leaf
      }
   }
}

Looks a bit funky, but does the job:

let c = Some(C {                                   
    b: Some(B {                                    
        a: Some(A { data: 5 }),                    
    }),                                            
});                                                
assert_eq!(Some(5), dig!(c, b, a).map(|a| a.data));

let c = Some(C { b: None });                    
assert_eq!(None, dig!(c, b, a).map(|a| a.data));

EDIT: I completely forgot about a cool language feature in Rust - ? operator.

Synopsis:

Result<T, E> is very similar to Option<T>, but it instead can be either Ok(T) (all good, T is the value) or Err(E) (something went wrong, E is the error type - String for a message, etc.)

result? basically means .if it's Ok, get the inner value and continue execution. If it's an Err, return it".

It allows for code like this:

fn etl(data: ...) -> Result<..., Error> {
    data.extract()?.transform()?.load()
}
 

C# 6.0 and onwards gives you the Null Propagating Operator MSDN Guide β€” like many of the other languages here, you would use it something like:

var customerName = orders[0]?.customer?.name;

This can be combined with the null coalescing operator, to give a default value:

var customerName = orders[0]?.customer?.name ?? "No value found.";
 

For Python, glom is a great package for this sort of nested data access. The happy path from the intro docs looks like this:

from glom import glom

target = {'a': {'b': {'c': 'd'}}}
glom(target, 'a.b.c')  # returns 'd'

That 'a.b.c' bit is a simple glom specifier, but it can get much wilder! Glom provides more advanced specifiers for features like:

  • Null coalescing behavior
  • Validation
  • Debugging/inspection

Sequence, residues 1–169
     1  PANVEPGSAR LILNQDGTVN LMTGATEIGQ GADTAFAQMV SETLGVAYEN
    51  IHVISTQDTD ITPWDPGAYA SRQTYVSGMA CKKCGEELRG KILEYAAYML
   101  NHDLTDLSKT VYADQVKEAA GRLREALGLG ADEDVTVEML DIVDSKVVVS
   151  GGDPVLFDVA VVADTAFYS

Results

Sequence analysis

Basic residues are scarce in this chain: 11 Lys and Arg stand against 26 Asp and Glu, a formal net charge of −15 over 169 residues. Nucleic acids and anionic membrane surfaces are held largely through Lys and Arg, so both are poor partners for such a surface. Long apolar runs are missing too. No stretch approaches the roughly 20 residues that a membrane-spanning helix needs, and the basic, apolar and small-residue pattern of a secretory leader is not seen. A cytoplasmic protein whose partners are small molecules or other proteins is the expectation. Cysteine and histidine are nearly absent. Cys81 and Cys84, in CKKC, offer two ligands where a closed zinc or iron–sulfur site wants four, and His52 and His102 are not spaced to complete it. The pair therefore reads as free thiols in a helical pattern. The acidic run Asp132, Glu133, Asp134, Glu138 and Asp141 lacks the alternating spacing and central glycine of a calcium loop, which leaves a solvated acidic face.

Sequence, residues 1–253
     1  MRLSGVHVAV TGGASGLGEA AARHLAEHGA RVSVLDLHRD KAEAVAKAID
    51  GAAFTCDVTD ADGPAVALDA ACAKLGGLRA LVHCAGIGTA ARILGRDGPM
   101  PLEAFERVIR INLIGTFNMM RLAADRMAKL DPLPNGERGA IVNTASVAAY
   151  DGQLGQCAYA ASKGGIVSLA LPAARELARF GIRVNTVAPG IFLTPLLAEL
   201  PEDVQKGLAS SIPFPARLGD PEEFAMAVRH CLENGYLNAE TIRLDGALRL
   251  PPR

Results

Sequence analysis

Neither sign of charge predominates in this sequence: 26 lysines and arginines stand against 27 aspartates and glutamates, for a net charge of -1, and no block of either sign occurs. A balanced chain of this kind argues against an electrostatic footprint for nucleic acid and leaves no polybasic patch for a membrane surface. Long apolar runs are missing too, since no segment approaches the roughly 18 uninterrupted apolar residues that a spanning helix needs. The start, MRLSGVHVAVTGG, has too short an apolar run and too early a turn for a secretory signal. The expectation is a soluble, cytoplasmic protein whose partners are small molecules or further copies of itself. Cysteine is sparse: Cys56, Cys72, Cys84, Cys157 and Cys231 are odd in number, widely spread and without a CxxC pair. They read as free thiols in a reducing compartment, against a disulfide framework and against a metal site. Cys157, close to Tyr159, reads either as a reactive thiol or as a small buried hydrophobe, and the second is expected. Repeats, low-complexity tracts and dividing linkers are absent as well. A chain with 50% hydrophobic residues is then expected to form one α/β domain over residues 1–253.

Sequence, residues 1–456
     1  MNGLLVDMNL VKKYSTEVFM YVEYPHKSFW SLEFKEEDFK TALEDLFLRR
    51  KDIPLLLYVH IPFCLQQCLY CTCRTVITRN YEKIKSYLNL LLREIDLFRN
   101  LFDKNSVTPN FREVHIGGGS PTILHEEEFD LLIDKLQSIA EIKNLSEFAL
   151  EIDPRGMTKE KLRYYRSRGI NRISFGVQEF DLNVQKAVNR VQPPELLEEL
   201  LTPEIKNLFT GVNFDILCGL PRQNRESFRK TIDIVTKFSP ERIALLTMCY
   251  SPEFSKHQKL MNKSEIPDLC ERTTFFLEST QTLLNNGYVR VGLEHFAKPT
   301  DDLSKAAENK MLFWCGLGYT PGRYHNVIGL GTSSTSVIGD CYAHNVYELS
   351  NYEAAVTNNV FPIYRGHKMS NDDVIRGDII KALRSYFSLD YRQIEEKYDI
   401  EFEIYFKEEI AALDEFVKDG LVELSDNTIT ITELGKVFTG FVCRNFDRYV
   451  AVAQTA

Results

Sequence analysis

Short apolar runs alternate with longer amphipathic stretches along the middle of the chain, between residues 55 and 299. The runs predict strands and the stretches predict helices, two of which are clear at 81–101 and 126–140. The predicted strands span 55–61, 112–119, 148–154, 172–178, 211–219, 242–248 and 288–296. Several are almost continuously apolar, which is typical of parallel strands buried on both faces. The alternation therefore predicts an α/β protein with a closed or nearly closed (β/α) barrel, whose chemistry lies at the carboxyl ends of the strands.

And you can always plug in your own code or extend glom even further. Simple to get started, but a long fun road to travel from there!

 

I'm not sure that ECMAScript 10/ES10/Javascript 2019 has a function like that, per se, but one new feature that will likely be in ES11 that would help you get the safe-access bit of these dig functions in JS would be using the new proposed nullish-coalescing syntax.

The current version of Swift does already have null-coalescing, though.

 

In Laravel you could use this with Arr::get helper method.

use Illuminate\Support\Arr;

$array = ['products' => ['desk' => ['price' => 100]]];

$price = Arr::get($array, 'products.desk.price');

// 100
 

In Java (version 8 and onward) this can be done using Optional

String phoneNumber = Optional.ofNullable(list.get(0))
                             .map(Order::getCustomer)
                             .map(Customer::getPhone)
                             .orElse(null);
 

Haskell and other functional languages have Lenses, which are roughly equivalent to focusing on a value or path and either getting or setting it. Imagine dig with a related bury function and you get close.

I'd mentioned it in this particular Storybook post in Part Four, though it may make more sense to start at Part One for continuity

 

In Elixir use Kernel.get_in/2 for maps

iex(1)> m = %{foo: %{bar: %{baz: 1}}}
%{foo: %{bar: %{baz: 1}}}
iex(2)> get_in m, [:foo, :bar, :baz]
1
iex(3)> get_in m, [:foo, :zot]
nil
 
 

I'm a heavy user of Ramda's #path method in JavaScript / Node

 

Thank you for sharing everyone! I learned a lot!